NYSE Trading Floor Reopens as Lockdowns Loosen Further; Market ‘distress’ over virus sparked emergency Wall St measures

May 26, 2020

First Read

Hits & Takes
By John Lothian & JLN Staff

On Friday, John Lothian News published a video about a new book from a first time author and longtime industry executive, Margaret Wiermanski. She has penned a murder mystery and financial crime thriller set in Chicago’s derivatives markets. It is fiction, but some of the characters will seem very familiar. I could not put the book down and finished it several weeks ago at 11 PM. I really enjoyed the way Wiermanski went into detail about each of the characters.

The book, “Silent Partners” is self published on Amazon and available for download for your Kindle or Kindle app. The proceeds from the book go to the Greenwood Project, a not-for-profit that helps inner city youths find jobs in Chicago’s financial markets. I heartily recommend the book and can’t wait for the next two books Wiermanski has planned as part of a trilogy with this first strong effort.

Riva Gold, Editor at LinkedIn, has published an aggregation of stories about the reopening of the NYSE trading floor.~JJL


According to a couple of professors, when the NYSE floor opens again on Tuesday, the return to floor trading may be accompanied by a deterioration in the quality of the daily end of day auctions for NYSE-listed stocks. Edwin Hu (NYU) and Dermot Murphy (U of I – Chicago) found that, once the floor traders’ information privileges were eliminated in the all-electronic trading environment that has existed since mid March, price and volume indications about the closing auction improved. According to the Wall Street Journal, the NYSE disputes the findings. ~Thom Thompson

Nasdaq Chief Economist Phil Mackintosh’s latest blog post is entitled “NMS II: Shifting Stocks Toward a Dealer Model” and is about the SEC’s new NMS II proposals. The deadline for filing comments on these proposals is today.~SR

NYSE’s floor opens again today, but with only a quarter of the usual population of traders, who must wear masks, avoid taking public transportation and follow social-distancing rules, Seeking Alpha reports. The exchange has also put up Plexiglas barriers, and traders must sign liability waivers. More about this and other reopenings in our Lead story below.~SR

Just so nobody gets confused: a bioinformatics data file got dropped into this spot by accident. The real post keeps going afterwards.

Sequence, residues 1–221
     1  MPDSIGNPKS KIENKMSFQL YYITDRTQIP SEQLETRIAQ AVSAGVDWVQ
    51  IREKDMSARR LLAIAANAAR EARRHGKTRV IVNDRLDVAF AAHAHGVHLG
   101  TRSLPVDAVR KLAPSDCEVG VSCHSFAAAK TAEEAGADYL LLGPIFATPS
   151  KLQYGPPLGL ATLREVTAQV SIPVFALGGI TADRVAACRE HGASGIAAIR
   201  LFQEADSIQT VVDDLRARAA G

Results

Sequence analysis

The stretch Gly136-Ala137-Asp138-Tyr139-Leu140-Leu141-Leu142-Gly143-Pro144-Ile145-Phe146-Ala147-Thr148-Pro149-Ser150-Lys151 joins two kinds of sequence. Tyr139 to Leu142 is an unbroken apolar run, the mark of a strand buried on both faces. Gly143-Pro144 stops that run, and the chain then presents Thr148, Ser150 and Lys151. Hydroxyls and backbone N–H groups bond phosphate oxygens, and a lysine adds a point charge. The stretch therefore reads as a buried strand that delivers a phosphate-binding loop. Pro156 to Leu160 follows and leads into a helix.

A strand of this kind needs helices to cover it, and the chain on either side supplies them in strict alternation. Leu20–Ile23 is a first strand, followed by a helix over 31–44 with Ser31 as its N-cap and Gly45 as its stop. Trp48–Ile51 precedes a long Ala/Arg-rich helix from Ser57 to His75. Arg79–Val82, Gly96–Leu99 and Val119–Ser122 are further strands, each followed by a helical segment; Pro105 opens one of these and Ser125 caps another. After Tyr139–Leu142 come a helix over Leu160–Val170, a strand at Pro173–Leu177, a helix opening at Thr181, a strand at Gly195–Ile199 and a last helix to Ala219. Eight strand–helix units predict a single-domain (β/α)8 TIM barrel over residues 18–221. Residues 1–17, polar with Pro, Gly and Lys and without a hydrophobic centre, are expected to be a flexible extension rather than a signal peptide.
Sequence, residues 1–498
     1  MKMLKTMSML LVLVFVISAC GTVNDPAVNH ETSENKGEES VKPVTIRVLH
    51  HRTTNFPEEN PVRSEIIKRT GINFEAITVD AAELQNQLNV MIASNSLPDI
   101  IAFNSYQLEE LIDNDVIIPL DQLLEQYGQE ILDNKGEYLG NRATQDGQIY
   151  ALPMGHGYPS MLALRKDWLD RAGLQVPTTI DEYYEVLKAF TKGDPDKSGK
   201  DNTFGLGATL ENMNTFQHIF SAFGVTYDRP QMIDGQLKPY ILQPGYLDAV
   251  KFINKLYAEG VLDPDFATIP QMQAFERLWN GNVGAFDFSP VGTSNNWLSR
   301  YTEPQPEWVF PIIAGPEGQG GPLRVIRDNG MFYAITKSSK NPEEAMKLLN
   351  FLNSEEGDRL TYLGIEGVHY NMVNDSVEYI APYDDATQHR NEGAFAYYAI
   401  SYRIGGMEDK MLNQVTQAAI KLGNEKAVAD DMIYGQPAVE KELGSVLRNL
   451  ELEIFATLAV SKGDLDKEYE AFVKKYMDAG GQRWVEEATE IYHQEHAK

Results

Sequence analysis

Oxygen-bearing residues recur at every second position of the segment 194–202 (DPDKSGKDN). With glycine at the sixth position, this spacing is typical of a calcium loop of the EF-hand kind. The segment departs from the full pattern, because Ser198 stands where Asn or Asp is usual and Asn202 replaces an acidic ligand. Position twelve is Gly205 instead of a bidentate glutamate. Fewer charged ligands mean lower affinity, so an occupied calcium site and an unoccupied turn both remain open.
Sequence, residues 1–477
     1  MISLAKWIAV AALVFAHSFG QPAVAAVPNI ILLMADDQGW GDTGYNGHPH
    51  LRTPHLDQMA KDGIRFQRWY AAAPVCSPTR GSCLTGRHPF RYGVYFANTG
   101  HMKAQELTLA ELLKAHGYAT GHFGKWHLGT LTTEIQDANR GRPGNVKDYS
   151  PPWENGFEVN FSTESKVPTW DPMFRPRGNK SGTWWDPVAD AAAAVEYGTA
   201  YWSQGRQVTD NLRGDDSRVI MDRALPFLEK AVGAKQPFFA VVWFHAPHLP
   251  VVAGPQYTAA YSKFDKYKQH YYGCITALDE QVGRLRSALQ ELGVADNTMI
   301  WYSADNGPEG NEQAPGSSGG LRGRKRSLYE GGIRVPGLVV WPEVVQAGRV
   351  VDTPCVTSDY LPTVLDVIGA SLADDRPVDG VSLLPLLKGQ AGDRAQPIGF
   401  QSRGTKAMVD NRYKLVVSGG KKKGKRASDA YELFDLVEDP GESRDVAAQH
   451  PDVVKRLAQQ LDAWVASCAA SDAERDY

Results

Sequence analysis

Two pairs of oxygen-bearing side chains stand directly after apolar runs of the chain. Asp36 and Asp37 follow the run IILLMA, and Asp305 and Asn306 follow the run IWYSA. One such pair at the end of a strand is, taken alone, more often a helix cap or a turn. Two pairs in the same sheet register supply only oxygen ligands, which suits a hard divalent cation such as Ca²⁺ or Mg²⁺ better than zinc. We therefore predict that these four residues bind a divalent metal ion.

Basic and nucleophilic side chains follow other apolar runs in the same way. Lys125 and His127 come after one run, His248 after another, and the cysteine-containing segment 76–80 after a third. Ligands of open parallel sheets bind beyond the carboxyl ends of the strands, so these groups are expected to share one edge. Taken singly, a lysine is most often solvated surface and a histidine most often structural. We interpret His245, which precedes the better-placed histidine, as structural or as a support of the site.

Chicago Derivatives Executive Pens Murder Mystery Thriller Set in Chicago’s Markets

Margaret Wiermanski is a longtime derivatives industry back office executive turned author. Silent Partners is a murder and financial crime mystery, and the first of three books she intends to write. The book is set in Chicago’s derivatives markets and involves former floor traders and brokers and their lives after trading floors closed. While this is fiction, some of the characters will seem real to those who work in the Chicago markets. It is a fun thriller and its sales support the Greenwood Project, a Chicago-based charity to introduce minority students to the financial industry.

Watch the video »


The Spread: Married to The Job

This week on The Spread – Ed Tilly gives a take on the state of the markets, an industry veteran joins the MIAX Exchange Group, open interest grows for bitcoin options at the CME, and more.

Watch the video »


Why failing to reopen Purdue University this fall would be an unacceptable breach of duty
Mitch Daniels – President of Purdue University and a former governor of Indiana
On Feb. 1, watching the outbreak of a new virus in China, our university suspended travel to that country. On Feb. 26, we extended that ban to visiting other countries reporting the infection. On March 10, we decided to close the Purdue University campus for the spring semester and move to remote instruction. On March 17, we canceled our traditional commencement.

*****I am not worried too much about the college students getting and surviving the virus, but I am concerned about the older faculty members.~JJL


Scared Americans Desperate to Travel Are Buying Up ‘Covid Campers’; Recreational vehicle dealers report a tide of customers desperate to get away, but wary of cities, crowds and the coronavirus.
Jeff Green – Bloomberg
Floor traffic at Mike Regan’s two RV dealerships outside Austin, Texas, is up 30% compared with last May. And the reason is fear. Cooped-up Americans desperate to get out after months of lockdowns are dreaming of doing something—anything—that resembles a vacation. But a majority of them worry a second wave of the coronavirus is coming, and think politicians have pushed too fast to reopen. Unsurprisingly, when it comes to getting out of Dodge, the close-quarters of an airline cabin are a no-go.

*****My wife and I were looking at campers before this all happened. In fact, the last large event we went to was a show in February before all the virus news became a thing.~JJL



Friday’s Top Three